Category: Colorism (page 1 of 2)

Self-reported white ancestry among US blacks : A Jensen effect

In an earlier article, I have shown that the magnitude of sibling correlations among NLSY-ASVAB subtests correlates with the magnitude of g-loadings, but moderately with the magnitude of black-white IQ gaps in those subtests using Jensen’s method of correlated vectors, a possibly imperfect technique in some instances as explained in my previous article. In another post, it has been seen that US blacks having more (self-reported) white ancestry showed a higher IQ level, and that this effect is not mediated by skin color. Here, I will show that the magnitude of the score advantage for blacks with more white ancestry among subtests correlates with the above mentioned variables.

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Skin Color, Verbal IQ, and Test of the Colorism Hypothesis in the GSS

Recently, the GSS released the survey results for the year 2012. And a skin color variable has been included. But rather than using the SDA program, available here, I used the GSS cumulative datafile 1972-2012 for SPSS, available here. This allows more complex analyses to be performed than what is possible with the SDA.
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Color Differences: Corrections and Further Analysis. Part 2

Some things never change

Nearly 100 years ago George Ferguson tested the racial genetic hypothesis of IQ differences and found the following remarkable results, as reported by Baker (1974):


Just a couple of days ago, the awesome Audacious Epigone pointed out that the GSS (2012) contains a color ratings scale. GSS (2012) gives us the following results:

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Cryptic Admixture, Mixed-Race Siblings, & Social Outcomes

Charles Murray’s 2005 Commentary article, The Inequality Taboo, expressed the idea that the post genomic era has finally brought us a method to resolve the question of genes, race, and intelligence:

To the extent that genes play a role, IQ will vary by racial admixture. In the past, studies that have attempted to test this hypothesis have had no accurate way to measure the degree of admixture, and the results have been accordingly muddy. The recent advances in using genetic markers solve that problem. Take a large sample of racially diverse people, give them a good IQ test, and then use genetic markers to create a variable that no longer classifies people as ‘white’ or ‘black,’ but along a continuum. Analyze the variation in IQ scores according to that continuum. The results would be close to dispositive.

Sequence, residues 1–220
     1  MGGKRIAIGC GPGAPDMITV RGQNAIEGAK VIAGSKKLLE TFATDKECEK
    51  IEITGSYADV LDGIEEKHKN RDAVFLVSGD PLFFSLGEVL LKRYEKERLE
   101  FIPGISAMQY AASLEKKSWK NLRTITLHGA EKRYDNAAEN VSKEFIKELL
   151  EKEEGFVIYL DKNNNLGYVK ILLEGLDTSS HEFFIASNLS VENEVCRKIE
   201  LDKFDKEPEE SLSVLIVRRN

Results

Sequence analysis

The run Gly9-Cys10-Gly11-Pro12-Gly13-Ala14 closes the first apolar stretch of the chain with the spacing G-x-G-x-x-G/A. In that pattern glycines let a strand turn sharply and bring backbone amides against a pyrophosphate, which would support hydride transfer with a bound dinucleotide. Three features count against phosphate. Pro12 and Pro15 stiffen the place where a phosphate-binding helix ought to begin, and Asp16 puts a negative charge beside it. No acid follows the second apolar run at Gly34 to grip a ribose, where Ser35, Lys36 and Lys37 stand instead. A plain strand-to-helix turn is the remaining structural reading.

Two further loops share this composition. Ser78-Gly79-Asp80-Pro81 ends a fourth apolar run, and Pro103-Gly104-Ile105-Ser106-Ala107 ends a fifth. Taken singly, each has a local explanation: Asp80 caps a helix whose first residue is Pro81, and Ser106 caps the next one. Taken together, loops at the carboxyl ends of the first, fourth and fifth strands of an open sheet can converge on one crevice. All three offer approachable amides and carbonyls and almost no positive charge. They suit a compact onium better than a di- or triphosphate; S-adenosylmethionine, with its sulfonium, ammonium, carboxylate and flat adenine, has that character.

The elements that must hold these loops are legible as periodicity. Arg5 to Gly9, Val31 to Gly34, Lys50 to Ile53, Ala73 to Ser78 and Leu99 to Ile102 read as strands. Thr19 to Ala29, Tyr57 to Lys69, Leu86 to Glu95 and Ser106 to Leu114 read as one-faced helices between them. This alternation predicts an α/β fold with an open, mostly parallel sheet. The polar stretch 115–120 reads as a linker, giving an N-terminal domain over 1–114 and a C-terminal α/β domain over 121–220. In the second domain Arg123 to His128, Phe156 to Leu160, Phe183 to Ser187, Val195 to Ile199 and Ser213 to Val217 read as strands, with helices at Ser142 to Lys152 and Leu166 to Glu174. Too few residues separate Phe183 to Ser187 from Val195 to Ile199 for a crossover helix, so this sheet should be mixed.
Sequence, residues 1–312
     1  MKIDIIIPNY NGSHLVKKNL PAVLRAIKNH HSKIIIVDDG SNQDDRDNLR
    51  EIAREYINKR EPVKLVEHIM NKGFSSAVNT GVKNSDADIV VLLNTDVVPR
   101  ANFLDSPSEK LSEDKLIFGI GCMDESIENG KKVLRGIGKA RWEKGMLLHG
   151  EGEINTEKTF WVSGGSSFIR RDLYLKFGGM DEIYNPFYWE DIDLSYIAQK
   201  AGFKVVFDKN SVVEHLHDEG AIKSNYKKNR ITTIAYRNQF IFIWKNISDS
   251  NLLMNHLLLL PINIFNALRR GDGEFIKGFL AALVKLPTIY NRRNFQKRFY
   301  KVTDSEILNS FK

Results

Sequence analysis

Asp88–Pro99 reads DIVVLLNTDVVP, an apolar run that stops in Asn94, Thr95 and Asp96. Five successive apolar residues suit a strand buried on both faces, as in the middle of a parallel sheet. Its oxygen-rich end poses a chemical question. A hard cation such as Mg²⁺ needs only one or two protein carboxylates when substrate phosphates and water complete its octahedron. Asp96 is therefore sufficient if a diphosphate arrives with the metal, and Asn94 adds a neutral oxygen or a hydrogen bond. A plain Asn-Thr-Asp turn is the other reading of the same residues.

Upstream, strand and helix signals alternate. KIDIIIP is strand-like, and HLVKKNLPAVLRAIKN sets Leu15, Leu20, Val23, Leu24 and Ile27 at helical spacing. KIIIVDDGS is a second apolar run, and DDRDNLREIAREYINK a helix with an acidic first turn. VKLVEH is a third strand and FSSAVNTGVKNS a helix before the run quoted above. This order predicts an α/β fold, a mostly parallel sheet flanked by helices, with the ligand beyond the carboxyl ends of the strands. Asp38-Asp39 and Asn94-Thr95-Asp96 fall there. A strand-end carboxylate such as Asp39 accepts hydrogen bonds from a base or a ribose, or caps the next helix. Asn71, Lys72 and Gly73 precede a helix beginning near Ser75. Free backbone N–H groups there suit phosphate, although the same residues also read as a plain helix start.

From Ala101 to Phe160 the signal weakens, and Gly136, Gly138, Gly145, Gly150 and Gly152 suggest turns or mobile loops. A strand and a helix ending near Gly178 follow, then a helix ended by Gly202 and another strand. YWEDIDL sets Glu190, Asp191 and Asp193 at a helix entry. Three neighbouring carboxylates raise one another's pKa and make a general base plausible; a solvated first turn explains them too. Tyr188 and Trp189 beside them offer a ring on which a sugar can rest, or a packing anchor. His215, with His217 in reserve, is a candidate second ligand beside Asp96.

Murray believed such a project would only project scientific legitimacy if the participating researchers had diverse beliefs about the causes of the black-white IQ gap. But when he attempted to assemble the team, with assurances that he himself would find the funding, only the hereditarian researchers wanted to contribute to the project. So it did not happen.

Would the results of such a study really be close to dispositive? Yes and no. Continue reading

Pigmentocracy: A Longitudinal Approach


We have shown, amongst other things, that pre-market measures of IQ substantially statistically explain the association between color and outcomes in the US. This implies that the adult color-outcome differences are substantially caused by IQ differences, rather than vice versa. To investigate this issue further, I have taken a longitudinal approach.

As background, it is well established that the year to year correlation for IQ is mediated by general intelligence on the psychometric level and by shared genes and shared environment on the causal levels. The latter two sources contribute to the longitudinal stability of IQ. Unshared environment, on the other hand, does not. This situation is illustrated in the table immediately below. As is shown, the longitudinal stability of IQ scores for both Blacks and Whites is conditioned by genetic and shared environmental effects. For the Add Health sample, in particular, unshared environment contributes only to longitudinal change.


(From: Beaver, et al. (2013). The genetic and environmental architecture to the stability of IQ: Results from two independent samples of kinship pairs. Intelligence, 41(5), 428-438.)